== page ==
Designing to Outsmart Ebola: Time to Think about the Unthinkable

Ebola is the most recent form of one of civilization’s deepest fears. From Daniel Defoe’s Journal of the Plague Year and Poe’s Masque of the Red Death, through recent films like Outbreak, 28 Days Later, and Contagion, uncontainable pestilence has consistently gripped people’s imagination, if not always their rationality. The most obvious downside of urban density was once infectious disease. Better public-health infrastructure (chiefly safe water, ventilation, and street and residential sanitation, plus better medical management of microorganisms) was a precondition for what Richard Florida and other urbanists call “the Great Reset”: America’s rediscovery of the many cultural, economic, environmental, and energy advantages of city life. Because urban conditions no longer include rampant tuberculosis, cholera, and the other scourges of the pre-antibiotic era, contemporary New Yorkers can enjoy the benefits of proximity and diversity. Nothing would spoil that particular party like a new and even deadlier plague. Continue reading “Designing to Outsmart Ebola: Time to Think about the Unthinkable”

Two Cools for School

New schools are often touted as being built for the communities in which they are built; however, many merely provide seats for increasing populations. Two recent schools show what it takes to become community resources. The New Settlement Community Campus in the Bronx resulted from a design collaboration between Edelman Sultan Knox Wood / Architects and Dattner Architects; each was appointed by New Settlement and the NYC School Construction Authority (SCA), respectively. The Henderson-Hopkins School by Rogers Partners Architects+Urban Designers is an early step in revitalizing an East Baltimore neighborhood. By engaging the community from the start, they became the community schools they are. Continue reading “Two Cools for School”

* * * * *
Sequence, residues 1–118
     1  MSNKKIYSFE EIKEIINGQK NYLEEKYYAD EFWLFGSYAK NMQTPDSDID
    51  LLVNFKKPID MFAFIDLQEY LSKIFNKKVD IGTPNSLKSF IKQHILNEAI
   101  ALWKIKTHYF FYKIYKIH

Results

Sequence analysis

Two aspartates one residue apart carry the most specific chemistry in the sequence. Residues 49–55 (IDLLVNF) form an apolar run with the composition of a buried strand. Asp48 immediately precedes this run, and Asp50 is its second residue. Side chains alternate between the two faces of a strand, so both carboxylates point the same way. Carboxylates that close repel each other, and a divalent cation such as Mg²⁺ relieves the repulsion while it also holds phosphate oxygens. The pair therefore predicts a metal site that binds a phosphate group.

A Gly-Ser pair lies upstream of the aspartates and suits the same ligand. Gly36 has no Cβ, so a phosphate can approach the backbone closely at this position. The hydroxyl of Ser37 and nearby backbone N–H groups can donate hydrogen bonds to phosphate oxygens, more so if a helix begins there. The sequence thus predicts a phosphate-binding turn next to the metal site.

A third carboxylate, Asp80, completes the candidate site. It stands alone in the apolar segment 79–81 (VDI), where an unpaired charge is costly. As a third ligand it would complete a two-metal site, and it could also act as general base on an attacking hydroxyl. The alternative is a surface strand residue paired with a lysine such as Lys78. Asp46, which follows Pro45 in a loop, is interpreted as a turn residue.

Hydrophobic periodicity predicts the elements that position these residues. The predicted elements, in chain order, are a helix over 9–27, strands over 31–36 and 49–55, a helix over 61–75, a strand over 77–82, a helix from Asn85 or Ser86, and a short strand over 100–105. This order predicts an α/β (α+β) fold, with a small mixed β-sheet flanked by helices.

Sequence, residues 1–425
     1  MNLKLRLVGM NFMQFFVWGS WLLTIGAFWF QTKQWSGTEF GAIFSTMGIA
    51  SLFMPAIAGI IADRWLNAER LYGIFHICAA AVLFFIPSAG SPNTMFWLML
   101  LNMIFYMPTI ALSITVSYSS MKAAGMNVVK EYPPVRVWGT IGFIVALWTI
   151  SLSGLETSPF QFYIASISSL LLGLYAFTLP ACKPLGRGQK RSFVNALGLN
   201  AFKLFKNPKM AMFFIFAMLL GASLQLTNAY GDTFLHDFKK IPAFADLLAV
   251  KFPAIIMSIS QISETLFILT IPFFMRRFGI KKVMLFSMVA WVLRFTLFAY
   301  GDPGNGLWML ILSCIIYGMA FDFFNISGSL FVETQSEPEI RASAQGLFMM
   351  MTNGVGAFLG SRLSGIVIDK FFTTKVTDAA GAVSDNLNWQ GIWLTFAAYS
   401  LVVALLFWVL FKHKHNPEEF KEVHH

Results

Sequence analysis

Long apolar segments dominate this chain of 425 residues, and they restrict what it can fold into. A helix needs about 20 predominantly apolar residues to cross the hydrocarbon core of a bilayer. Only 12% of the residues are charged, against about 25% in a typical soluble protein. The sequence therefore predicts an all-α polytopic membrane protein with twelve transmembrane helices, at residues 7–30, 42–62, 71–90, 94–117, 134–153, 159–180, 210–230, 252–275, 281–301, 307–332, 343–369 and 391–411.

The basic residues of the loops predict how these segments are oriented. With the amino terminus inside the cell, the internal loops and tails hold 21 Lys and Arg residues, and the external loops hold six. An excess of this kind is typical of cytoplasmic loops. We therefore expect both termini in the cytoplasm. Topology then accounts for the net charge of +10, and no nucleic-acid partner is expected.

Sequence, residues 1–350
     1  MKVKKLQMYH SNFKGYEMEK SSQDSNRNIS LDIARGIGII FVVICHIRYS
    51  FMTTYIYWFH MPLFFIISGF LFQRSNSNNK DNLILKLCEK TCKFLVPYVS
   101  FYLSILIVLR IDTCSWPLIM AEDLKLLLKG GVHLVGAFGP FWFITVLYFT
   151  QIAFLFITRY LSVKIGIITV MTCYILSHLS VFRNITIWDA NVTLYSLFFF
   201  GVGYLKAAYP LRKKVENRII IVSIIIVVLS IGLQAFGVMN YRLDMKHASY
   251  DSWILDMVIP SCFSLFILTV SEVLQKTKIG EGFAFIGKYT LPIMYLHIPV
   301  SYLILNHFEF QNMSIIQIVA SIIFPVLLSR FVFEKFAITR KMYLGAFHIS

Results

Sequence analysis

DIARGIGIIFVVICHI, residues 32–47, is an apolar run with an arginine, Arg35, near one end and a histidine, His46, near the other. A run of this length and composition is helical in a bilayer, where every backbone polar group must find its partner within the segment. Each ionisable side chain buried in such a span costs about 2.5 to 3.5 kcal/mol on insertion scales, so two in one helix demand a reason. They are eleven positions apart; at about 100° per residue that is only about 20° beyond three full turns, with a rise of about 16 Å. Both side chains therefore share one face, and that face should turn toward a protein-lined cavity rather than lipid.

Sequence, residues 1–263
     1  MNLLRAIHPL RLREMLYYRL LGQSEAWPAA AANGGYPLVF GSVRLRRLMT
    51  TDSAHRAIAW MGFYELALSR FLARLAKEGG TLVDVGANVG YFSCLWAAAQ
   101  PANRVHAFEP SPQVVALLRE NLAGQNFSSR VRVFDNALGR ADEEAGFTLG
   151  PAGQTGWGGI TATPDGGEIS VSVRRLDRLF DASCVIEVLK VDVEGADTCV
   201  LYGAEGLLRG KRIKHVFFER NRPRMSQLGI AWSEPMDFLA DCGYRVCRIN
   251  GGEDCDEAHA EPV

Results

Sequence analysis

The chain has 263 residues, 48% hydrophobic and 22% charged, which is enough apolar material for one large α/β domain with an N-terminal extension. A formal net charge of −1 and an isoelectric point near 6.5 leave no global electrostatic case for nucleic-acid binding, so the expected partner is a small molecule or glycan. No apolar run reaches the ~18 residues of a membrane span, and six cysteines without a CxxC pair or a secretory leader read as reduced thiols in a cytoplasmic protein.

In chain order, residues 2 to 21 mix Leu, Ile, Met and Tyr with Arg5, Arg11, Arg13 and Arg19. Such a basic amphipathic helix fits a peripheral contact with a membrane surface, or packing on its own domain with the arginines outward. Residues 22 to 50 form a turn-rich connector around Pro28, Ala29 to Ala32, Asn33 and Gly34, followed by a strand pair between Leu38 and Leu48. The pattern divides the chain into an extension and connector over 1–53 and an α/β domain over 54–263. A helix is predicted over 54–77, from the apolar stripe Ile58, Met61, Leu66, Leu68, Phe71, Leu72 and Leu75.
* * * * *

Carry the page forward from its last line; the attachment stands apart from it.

Looking Back, Looking Forward

As we approach the close of 2014, the Center for Architecture Foundation looks back at nearly 50 years of organizational history. The Foundation has gone through several transformations since its founding by AIANY in 1966 as a non-profit 501(c)3 organization to complement the Chapter’s professional mission. Its first programs were scholarships for students pursuing a degree in architecture. In 1998, the Foundation adopted the Learning By Design:NY committee, providing the support that enabled it to grow into the nationally-recognized K-12 education program it is today. With the opening of the Center for Architecture in 2003, we changed our name from the New York Foundation for Architecture to the Center for Architecture Foundation, to recognize the role of the Center in our next phase of development. Here, we have expanded our offerings to include design workshops for K-12 students, families, and adults curious to learn more about the city’s built environment and the process of design. Continue reading “Looking Back, Looking Forward”